Remember how as a kid you would break out into a run, just because you felt like it? My daughter is nearly two years old, and she runs more than she walks these days. Perhaps there's more to the joy of running than we ever expected.
I recently read the book "Born to Run" by Christopher McDougall. Besides being one of the best arguments for barefoot running out there, it's a great, if somewhat meandering, read. Deeper than just a fun read, however, it has a few hidden lessons in it:
Our brain was developed over millennia to conserve energy so that we could run long distances at a moment's notice, and that has led us into sloth and obesity when we never need to run. Suggests we need to consciously fight that and go for a run now and then.
Asking "Why" may lead you to unexpected places — the question "why did weak, slow humans survive if evolution is governed by natural selection?" led a few students to investigating our physiology and finding our amazing capacity for long distance running, based on our unique ability to breathe at rates different than 1 breath per stride.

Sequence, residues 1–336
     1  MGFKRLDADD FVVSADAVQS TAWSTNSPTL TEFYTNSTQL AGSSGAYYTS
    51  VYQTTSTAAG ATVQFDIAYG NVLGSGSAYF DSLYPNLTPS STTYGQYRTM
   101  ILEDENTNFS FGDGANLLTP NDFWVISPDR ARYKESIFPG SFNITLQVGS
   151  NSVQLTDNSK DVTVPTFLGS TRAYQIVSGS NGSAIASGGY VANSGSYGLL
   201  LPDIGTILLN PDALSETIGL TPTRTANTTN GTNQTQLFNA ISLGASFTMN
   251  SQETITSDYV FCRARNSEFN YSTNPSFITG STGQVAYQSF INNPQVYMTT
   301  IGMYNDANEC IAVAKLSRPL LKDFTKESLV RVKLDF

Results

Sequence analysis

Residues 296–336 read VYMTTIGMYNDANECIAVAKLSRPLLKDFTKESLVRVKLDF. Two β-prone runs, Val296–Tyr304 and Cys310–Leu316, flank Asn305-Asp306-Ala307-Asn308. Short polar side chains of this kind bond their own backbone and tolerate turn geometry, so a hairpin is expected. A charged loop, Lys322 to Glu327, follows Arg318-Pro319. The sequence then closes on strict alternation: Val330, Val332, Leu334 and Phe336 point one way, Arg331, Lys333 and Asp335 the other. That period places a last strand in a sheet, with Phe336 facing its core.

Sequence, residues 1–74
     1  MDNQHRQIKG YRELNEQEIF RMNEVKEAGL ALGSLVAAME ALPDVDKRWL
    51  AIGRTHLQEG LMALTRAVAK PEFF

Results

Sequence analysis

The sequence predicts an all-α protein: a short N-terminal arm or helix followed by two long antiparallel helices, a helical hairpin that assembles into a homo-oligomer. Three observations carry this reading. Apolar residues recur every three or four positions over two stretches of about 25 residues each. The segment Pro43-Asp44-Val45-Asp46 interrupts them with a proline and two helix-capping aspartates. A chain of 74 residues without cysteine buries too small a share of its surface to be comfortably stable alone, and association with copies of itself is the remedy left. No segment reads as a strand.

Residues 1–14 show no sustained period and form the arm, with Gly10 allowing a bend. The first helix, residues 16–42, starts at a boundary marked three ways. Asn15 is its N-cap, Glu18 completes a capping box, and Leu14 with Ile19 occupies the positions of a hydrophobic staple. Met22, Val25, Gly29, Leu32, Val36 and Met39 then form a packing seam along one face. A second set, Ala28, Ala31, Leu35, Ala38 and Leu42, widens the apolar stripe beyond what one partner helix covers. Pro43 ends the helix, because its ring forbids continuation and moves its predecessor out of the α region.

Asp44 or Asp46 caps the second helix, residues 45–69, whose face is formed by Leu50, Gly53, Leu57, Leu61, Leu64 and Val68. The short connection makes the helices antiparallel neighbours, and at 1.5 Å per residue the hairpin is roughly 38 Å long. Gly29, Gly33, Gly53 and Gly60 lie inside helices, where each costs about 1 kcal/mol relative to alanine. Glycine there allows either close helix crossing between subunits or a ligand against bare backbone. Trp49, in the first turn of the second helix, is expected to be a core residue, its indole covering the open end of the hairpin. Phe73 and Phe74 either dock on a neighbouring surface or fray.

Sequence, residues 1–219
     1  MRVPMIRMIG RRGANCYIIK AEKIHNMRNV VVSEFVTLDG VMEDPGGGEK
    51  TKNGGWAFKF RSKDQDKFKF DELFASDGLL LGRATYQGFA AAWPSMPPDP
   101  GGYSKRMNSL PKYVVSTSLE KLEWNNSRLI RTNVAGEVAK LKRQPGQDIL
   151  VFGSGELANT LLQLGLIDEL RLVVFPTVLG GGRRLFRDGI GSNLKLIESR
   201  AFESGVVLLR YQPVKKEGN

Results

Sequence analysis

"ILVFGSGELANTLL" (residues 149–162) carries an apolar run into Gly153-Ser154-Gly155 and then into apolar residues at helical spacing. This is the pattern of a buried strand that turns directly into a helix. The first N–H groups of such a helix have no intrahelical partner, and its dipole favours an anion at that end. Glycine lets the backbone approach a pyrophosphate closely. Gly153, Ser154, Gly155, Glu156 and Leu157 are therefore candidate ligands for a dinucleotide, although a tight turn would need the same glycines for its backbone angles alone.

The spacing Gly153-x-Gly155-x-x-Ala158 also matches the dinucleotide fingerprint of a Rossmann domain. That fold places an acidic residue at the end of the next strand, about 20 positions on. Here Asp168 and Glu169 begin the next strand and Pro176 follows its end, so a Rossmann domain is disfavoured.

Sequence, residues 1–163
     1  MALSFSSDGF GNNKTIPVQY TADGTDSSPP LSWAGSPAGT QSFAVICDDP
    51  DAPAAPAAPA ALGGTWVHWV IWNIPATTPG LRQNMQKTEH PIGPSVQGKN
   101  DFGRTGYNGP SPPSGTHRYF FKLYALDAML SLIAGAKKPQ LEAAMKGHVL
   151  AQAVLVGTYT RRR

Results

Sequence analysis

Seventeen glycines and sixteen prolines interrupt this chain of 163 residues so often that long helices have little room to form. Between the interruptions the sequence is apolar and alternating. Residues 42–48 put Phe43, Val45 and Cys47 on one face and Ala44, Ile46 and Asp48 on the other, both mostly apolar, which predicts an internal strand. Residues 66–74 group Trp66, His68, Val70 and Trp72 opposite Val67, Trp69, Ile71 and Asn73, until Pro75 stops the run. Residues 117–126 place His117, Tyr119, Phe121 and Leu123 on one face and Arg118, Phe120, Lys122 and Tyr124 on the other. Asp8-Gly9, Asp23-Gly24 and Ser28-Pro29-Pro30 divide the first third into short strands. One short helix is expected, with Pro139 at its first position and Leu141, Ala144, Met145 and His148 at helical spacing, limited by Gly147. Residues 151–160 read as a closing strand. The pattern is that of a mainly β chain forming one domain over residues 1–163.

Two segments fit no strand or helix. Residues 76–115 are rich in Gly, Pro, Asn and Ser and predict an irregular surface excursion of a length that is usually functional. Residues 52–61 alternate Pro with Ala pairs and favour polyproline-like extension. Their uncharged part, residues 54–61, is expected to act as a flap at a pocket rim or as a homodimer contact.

Just because a lot of people believe in something, doesn't make it true. The example being the entire running shoe industry, constructing a physiology of running to solve "alignment problems" that don't actually exist, leading to huge rise in running injuries. Theories are fine, but you should look for evidence to support them, and it sounds like those who have conducted studies on the matter have found running shoes harmful. What other institutions are built upon flawed thinking? In this sense, the book has a very similar theme to Moneyball.
Joy is an often-overlooked component necessary to perform at the highest level. If you're competing without joy, maybe you should just go home.
I'm surprised by how many people I've talked with have already read this book. If you haven't, go read it now -- it will totally change the way you think about running.
And I'm loving the minimalist running shoes I picked up as a result.